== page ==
Just Getting started.png

Just Getting Started? Get The Basics To Have Your Best Ride Yet.

Many people have started riding over the last year. And as more folks have discovered cycling, there are some essentials that we think improve the experience and keep the party rolling. Stop by the shop and see these and other recommended essentials.


GPS-enabled bike computer

A GPS-enabled bike computer like those from Wahoo or Garmin can expand your riding horizons. Paired with apps like Ride Spot and Strava, you can find new routes, both in town and in far off places. Riding with a pre-loaded route and digital map, much like using a car’s navigation system, takes the guesswork out of where to go and how to get there. Plus, the data recording ability of a GPS-enabled cycling computer lets you track your progress over time and helps keep you motivated.

classic kit jersey.png

Cycling shorts and jersey, aka a “kit”

Cycling clothing is built for one purpose--riding. The placement of seams and grippers, the choice of materials used, and the cut of each piece is designed with one thing in mind: moving with you. Basic cycling shorts, both traditional looks and MTB baggy shorts, will keep you comfortable and riding further. And a simple cycling jersey will pull moisture off you and keep you cool and dry. Added pieces like socks and gloves up the comfort level even further.


“Clipless” pedals and cycling shoes

Flat pedals are fun, but more advanced cycling pedals work in conjunction with cycling shoes, which feature a stiff sole to increase pedaling efficiency. Cycling shoes accept pedal-specific cleats, which clip into the paired pedal much in the same way a ski binding and ski boot work. Road and off-road pedals and shoes are available and all cycling shoes come in a wide variety of sizes with their own features. Being “clipped in” keeps the power to the pedals and you riding efficiently and safely, as a clipless pedal system keeps your foot from accidently slipping off the pedal. Why are they called “clipless” if you clip in? In the old days, road pedals had cages, called toe clips, on one side where your foot slid in and was held with a strap. No more toe clips, hence “clipless.”


Tubeless tires

Many modern bikes can be run tubeless and many come with much of what you need to convert to tubeless, that being tubeless-ready wheels, tires, tape, valves, and sealant. Tubeless helps prevent punctures and improve ride quality, allowing you to run lower air pressure and improve tire grip. If your new bike is tubeless ready, but you’re still running tubes, it’s time to make the switch.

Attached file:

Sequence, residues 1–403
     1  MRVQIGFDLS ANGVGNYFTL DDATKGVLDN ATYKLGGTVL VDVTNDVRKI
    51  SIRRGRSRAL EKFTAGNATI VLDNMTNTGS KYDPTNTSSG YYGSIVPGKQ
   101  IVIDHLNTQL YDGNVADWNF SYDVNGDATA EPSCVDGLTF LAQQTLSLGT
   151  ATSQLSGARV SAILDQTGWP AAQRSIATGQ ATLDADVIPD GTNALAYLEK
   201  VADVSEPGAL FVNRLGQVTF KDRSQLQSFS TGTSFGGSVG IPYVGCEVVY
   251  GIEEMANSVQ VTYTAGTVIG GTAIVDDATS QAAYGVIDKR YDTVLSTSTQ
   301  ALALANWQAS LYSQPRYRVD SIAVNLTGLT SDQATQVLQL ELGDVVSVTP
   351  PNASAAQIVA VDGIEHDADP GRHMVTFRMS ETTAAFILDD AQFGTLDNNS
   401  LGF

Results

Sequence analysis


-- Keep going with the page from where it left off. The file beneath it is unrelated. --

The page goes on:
Puncture repair items

Road debris and sharp rocks on the trail being what they are, punctures can still happen, even with a tubeless set up (although it’s much rarer). You’ll need a spare tube, a tire lever to help remove your tire from the rim, and a way to inflate your spare tube either a CO2 inflator or a mini pump. Particularly helpful is a saddle bag or other bag to carry your emergency repair kit, and a multi-tool, a folding tool set that has common bike-specific tool sizes (allen wrenches and screwdrivers) and maybe a even a tubeless repair tool, a tire plug specifically for tubeless setups.


Water bottle cages and insulated bottles or a hydration pack

It’s important any time, but especially as the weather gets warmer to stay hydrated while riding. Preferred drinks aside, a way to easily and efficiently carry your beverage of choice is key. Typically road and light trail riders prefer water bottles in cages that bolt to a bike’s frame and MTB riders use hydration packs that are worn like a backpack. We’re partial to insulated water bottles, which help keep cold drinks cold.


A helmet

Modern cycling helmets offer superior protection and increased comfort compared to helmets of even just a few years ago. More and more high end-helmet features, like vent count, size, and placement, as well as strap adjustability, are trickling down from high end helmets to more budget friendly options. Our favorite thing about any helmet? They all protect you to the same safety standard, so more money doesn’t mean safer, it just means lighter and perhaps better ventilated.